Monday, August 18, 2003

Are you having a Blast with your IT?
The Blaster worm is attacking Windows servers and XP OS.

Normally I try to stay of the perpetual motion of things. But this one I could not resist. Microsoft is always under attack but PR people know that it does really matter what they say as long as they are talking about you.

The Blast worm has apparently been going around but it finally hit home with me today. I turned on my PC waited for all the start up programs to run their course. Next thing I know I get an error message. Then I get another window informing me that windows would shut down in 30 seconds as the counter began. It was a modest version of a bomb timer.

I did not think much of it. Must be a glitch. The third time I start to worry. What is this? This is a new computer. Who should I call?

The next time I was asked if I wished to send an error report I clicked on Send Now. I waited then clicked on more information.

The window displayed a link:
I thought ok I'm game. I clicked on the link as fast as I could because I was about to shut down again, the little timer in the error window was still counting down at a steady pace.

The link was directed to a page that discusses the Blast Worm. Apparently its hitting Windows servers as well as xp home edition operating systems.

I got hit from both XP and HP vulnerabilities. The Microsoft link explains how to enable your built in firewalls and then leads you to the latest downloadable patches. While I was waiting for the sizeable patch to complete the download the HP window pop up appears and asks if I would like more information on the Blast worm. BTW enabling the firewalls stops the little timer from shutting you down.

I had to wait until the patch was finished downloading of course but after that I clicked on view more and was instructed how to access the problem from the HP side. The RPC vulnerability is not much more than a system based glitch that causes an XP OS to shut down 30 seconds after it is turned off because it reads as an error that could harm other program files. It won't, its not a virus but a harmless worm.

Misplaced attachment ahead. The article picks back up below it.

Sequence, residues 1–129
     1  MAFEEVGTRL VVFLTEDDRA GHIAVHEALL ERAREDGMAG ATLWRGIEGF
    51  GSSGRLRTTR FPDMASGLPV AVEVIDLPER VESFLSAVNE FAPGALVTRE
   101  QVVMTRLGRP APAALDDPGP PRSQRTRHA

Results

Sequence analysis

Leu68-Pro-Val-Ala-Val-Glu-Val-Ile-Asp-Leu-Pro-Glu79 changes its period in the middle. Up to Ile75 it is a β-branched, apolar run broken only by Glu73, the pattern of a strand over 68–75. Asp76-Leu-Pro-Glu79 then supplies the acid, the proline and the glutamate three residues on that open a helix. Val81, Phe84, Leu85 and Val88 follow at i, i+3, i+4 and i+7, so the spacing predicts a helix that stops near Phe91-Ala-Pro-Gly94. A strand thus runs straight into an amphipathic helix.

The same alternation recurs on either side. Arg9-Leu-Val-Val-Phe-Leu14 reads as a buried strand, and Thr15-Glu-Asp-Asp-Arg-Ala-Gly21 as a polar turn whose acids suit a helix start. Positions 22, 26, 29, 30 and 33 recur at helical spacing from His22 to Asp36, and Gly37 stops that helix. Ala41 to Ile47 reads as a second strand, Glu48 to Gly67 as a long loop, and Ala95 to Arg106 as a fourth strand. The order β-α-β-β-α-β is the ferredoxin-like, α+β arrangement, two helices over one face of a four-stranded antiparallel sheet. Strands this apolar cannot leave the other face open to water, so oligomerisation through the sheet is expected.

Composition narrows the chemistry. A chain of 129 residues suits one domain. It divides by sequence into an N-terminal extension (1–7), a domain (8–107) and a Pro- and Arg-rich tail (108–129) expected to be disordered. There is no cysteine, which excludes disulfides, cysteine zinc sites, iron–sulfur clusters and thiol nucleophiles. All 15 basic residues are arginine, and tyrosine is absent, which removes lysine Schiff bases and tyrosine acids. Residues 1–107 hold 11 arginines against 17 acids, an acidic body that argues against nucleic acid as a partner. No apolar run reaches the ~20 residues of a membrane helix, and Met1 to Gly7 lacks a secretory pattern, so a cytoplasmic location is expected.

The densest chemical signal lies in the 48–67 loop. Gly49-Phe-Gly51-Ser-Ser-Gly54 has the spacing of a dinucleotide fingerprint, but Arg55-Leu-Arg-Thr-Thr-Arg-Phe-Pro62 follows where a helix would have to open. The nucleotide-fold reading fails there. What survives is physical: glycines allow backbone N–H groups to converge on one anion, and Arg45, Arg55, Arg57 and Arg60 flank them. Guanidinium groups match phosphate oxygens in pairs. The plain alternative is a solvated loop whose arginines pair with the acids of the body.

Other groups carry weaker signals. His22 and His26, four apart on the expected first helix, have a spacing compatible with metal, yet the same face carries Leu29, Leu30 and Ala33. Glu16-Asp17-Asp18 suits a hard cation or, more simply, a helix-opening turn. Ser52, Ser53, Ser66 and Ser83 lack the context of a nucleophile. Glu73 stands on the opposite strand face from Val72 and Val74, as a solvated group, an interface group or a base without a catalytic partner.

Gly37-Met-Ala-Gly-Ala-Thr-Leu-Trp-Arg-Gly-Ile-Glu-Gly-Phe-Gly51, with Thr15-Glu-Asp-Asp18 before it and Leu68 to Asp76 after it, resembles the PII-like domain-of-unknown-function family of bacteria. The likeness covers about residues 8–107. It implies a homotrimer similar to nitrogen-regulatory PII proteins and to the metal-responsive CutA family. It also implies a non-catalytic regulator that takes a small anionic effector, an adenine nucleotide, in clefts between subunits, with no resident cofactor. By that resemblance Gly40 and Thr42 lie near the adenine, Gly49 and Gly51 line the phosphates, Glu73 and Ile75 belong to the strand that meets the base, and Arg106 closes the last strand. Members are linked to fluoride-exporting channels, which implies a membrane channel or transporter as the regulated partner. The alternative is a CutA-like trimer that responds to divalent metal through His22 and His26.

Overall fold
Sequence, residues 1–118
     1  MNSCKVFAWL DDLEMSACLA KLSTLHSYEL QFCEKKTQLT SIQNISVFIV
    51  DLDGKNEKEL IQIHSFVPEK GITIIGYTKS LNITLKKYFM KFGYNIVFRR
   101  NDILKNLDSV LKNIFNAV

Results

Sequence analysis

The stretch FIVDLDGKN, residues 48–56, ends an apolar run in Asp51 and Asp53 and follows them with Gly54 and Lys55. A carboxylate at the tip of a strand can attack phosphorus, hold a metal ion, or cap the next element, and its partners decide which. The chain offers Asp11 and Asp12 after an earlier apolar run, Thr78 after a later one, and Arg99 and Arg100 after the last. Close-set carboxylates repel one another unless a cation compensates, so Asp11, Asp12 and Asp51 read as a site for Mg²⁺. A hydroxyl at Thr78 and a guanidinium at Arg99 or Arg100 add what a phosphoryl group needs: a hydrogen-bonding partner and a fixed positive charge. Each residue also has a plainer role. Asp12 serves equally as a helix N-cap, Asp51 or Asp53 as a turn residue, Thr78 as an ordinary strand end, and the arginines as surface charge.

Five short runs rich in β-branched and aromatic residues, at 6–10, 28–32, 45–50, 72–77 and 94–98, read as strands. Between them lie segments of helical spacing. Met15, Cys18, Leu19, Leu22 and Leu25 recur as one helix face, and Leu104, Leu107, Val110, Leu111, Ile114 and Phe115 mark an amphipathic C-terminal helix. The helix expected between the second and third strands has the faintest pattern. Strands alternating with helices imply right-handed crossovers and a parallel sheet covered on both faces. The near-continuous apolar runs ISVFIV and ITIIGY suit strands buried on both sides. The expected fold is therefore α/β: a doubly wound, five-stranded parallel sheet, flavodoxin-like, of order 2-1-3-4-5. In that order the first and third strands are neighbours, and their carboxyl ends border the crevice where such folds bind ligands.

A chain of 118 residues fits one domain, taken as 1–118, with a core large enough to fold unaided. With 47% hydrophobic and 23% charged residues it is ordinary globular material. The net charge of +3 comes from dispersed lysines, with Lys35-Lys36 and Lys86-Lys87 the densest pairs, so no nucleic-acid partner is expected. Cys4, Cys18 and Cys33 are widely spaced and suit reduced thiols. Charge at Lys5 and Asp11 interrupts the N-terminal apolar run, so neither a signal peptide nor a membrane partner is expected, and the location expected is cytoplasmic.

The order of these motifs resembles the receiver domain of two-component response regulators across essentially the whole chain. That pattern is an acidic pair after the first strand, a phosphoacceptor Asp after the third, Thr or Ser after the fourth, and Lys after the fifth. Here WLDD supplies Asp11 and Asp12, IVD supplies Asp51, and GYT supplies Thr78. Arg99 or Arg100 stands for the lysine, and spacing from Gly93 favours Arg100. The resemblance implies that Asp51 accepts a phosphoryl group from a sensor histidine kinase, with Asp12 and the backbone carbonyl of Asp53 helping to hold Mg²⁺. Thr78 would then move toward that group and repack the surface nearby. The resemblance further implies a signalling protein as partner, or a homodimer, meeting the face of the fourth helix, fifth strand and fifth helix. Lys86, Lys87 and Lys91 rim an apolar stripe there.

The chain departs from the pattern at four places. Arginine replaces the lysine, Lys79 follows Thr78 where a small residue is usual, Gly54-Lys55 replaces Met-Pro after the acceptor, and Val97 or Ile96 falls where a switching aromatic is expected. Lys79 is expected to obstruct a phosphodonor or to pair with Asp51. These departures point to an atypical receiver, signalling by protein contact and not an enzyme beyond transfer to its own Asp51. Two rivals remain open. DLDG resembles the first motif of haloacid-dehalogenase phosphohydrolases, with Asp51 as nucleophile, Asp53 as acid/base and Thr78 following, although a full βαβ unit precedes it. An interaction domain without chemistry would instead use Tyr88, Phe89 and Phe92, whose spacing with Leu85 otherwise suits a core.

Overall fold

Anyone with HP and XP know that they were dangerous bedfellows from jumpstreet.

From this and other unions I can understand the desire to keep hardware separate from software and leave it to the consumers discretion. Yet and still if you have ever had an actual virus attack your system you have better perimeters for realizing what trouble really is.

Of course, Microsoft will recieve another beating for leaving such vulnerabilities so available and downplaying the necessity for the latest patch that even I recall rejecting several months ago.

I don't download unsafely and I don't open email attachments without a scan so I don't worry to much when there is another patch out there that I need to download. Its part of it.

Linux is looking better and better but ultimately I think that Microsoft users are as loyal as Linux users. Then you get folks like me who don't care as long as it works and its easy to use.

I am not into monopolies of course and don't like to get into the politics of software but I am aware that it takes more than apples to make a fruit salad. The important thing is flavor.

My best advice on this one? Don't eat the worm!!!!


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